The Department of Justice (DOJ) Office of the Inspector General (OIG) released a report in early May 2023, finding “four foundational, enterprise-wide challenges” confronting the federal Bureau of Prisons (BOP).
The first involves “weaknesses in the BOP’s internal audit function,” deficiencies “that undermine confidence in reports and ratings of institutional conditions.” The report also calls out BOP for “delays in [its] employee discipline process,” as well as the “inadequacy of BOP assessments of institution staffing level needs.” Adding fuel to the fire: BOP’s “inability to address its aging infrastructure,” reflected in a myriad of critically deferred maintenance needs for which the agency has low-balled appropriations requests.
OIG initiated its review after things got so bad in 2021 that BOP evacuated two lockups – the U.S. Penitentiary (USP) in Atlanta and the Metropolitan Correctional Center (MCC) in New York City. Widespread corruption among guards at USP-Atlanta was blamed for a massive problem with smuggled contraband, leading BOP to transfer out most prisoners by August 2021 and re-open four months later as a minimum-security prison. Two months later, MCC was shuttered after two guards were charged with falsifying cell-checks to shop online or nap while billionaire child sex trafficker Jeffrey Epstein committed suicide two years before.
The report found that BOP auditors’ assessment of conditions at USP Atlanta “were in stark contrast to actual conditions there.” Part of the problem was blamed on announcing audit visits, so that prison officials had an opportunity to dress up their situation.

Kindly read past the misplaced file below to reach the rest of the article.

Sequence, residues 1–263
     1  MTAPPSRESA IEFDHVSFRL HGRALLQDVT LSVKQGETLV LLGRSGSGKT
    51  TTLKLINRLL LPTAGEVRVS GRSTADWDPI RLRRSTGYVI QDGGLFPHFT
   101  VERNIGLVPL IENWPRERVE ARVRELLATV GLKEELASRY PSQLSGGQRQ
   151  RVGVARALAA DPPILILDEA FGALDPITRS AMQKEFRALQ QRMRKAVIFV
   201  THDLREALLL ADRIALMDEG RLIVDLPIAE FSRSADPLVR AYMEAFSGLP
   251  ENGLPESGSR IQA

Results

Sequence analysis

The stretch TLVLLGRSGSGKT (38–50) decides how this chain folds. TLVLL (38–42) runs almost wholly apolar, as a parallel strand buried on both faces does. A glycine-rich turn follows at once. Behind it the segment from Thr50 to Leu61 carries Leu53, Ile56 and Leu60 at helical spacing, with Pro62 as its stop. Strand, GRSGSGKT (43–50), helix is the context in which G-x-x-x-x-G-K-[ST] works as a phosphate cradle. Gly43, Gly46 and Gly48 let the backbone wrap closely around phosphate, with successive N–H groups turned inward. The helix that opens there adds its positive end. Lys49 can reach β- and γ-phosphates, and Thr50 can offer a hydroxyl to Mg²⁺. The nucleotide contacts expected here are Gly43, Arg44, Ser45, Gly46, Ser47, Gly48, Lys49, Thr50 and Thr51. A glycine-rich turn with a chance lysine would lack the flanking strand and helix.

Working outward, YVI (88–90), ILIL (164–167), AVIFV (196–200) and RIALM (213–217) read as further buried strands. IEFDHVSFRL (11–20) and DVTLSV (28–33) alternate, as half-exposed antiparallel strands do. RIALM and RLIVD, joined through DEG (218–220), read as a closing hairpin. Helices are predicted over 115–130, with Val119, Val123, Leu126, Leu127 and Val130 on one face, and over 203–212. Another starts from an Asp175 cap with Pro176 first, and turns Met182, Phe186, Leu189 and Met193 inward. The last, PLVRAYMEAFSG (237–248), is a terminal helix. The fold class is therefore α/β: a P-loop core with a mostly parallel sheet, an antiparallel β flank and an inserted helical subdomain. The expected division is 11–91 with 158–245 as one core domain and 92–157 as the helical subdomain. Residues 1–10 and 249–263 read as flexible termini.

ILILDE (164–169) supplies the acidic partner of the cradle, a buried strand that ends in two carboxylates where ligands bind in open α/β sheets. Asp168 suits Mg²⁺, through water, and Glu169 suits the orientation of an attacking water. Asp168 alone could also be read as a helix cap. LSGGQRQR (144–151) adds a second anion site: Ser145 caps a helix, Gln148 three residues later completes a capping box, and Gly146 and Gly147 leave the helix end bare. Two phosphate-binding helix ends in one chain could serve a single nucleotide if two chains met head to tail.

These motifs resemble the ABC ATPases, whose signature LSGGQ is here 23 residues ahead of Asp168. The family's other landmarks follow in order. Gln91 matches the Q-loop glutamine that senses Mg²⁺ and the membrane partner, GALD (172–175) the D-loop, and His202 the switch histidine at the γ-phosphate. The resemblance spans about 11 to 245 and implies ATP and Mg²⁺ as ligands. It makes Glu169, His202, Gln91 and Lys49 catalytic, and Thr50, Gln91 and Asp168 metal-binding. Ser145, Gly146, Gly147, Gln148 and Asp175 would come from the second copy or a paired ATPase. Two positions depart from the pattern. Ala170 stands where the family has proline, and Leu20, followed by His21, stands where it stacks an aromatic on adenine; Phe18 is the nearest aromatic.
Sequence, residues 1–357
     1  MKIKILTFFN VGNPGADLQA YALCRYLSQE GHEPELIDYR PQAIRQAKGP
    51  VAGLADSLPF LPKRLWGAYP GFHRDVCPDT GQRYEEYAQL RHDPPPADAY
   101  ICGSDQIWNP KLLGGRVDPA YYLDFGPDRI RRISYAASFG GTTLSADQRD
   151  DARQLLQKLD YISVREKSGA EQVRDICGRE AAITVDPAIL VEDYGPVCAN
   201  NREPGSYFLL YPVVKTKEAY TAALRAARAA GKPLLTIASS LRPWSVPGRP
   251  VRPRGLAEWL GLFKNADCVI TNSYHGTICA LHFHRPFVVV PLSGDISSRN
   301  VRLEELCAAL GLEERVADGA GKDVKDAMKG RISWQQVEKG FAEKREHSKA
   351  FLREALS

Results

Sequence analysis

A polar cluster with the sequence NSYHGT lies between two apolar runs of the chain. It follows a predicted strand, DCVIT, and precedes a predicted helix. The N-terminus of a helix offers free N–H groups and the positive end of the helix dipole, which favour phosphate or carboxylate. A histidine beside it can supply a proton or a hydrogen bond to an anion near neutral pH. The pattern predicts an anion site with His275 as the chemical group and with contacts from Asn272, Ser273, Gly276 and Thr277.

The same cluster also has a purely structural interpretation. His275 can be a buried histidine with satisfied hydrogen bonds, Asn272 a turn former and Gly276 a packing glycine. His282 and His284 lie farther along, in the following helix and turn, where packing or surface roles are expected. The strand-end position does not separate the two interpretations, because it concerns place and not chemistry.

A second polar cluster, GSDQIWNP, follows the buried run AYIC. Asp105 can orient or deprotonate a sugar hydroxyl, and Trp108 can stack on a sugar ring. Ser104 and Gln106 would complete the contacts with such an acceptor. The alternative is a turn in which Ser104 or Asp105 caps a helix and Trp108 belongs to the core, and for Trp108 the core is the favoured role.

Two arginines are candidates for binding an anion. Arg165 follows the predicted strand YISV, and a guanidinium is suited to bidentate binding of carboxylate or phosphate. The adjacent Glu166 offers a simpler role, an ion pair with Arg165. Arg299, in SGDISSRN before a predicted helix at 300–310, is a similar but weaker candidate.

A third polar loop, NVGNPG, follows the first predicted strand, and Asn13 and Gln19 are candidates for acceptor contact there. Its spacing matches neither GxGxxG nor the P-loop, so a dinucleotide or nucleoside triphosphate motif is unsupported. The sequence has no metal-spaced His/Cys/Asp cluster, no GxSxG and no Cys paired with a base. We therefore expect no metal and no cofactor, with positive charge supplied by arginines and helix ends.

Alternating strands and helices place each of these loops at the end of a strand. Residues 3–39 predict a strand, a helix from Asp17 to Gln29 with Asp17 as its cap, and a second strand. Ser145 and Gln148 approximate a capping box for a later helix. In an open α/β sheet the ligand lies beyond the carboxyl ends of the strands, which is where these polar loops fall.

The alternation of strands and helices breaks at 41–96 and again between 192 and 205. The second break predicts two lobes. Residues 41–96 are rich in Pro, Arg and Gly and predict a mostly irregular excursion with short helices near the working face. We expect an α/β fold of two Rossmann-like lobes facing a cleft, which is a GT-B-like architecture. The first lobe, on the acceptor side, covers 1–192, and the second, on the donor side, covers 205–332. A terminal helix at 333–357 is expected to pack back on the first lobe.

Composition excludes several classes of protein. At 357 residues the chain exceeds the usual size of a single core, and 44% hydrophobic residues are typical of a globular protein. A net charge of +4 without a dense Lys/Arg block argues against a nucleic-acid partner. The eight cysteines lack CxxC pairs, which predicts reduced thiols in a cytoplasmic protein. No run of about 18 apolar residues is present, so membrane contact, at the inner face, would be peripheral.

Also, as of September 2022, the report noted there was a significant pileup of unresolved employee misconduct cases, with just 60 Special Investigative Agents on board to handle 7,893 open cases. Worse still, “BOP had not yet imposed discipline in 2,279 other cases in which an investigation sustained an allegation of misconduct.”
Of particular concern was that BOP apparently had been operating in the dark when dealing with staffing levels. OIG “found that the BOP does not know whether the number of staff it represents as necessary to manage its institutions safely and effectively is accurate.”
Finally, OIG found $2 billion in unmet BOP repair and maintenance needs, but only $200 million had been requested from lawmakers – who appropriated just $59 million. “BOP’s inability to address backlogged major repair projects with available resources created particularly acute issues at numerous institutions,” the report noted – including MCC, where deferred maintenance played a critical role in the decision to close down the lockup. See: Limited-Scope Review of the Federal Bureau of Prisons’ Strategies to Identify, Communicate, and Remedy Operational Issues, DOJ/OIG 23-065 (May 2023).
“I need to hear the good, the bad and the ugly,” new BOP Director Colette Peters said. “We cannot have any surprises. We have to know what is happening inside our agency so we can help.” That’s a refreshing change in tone from her predecessor, former Director Michael Carvajal, whose written response to the report said its challenges were “long-established” before he came aboard in February 2020.
Additional source: Roll Call
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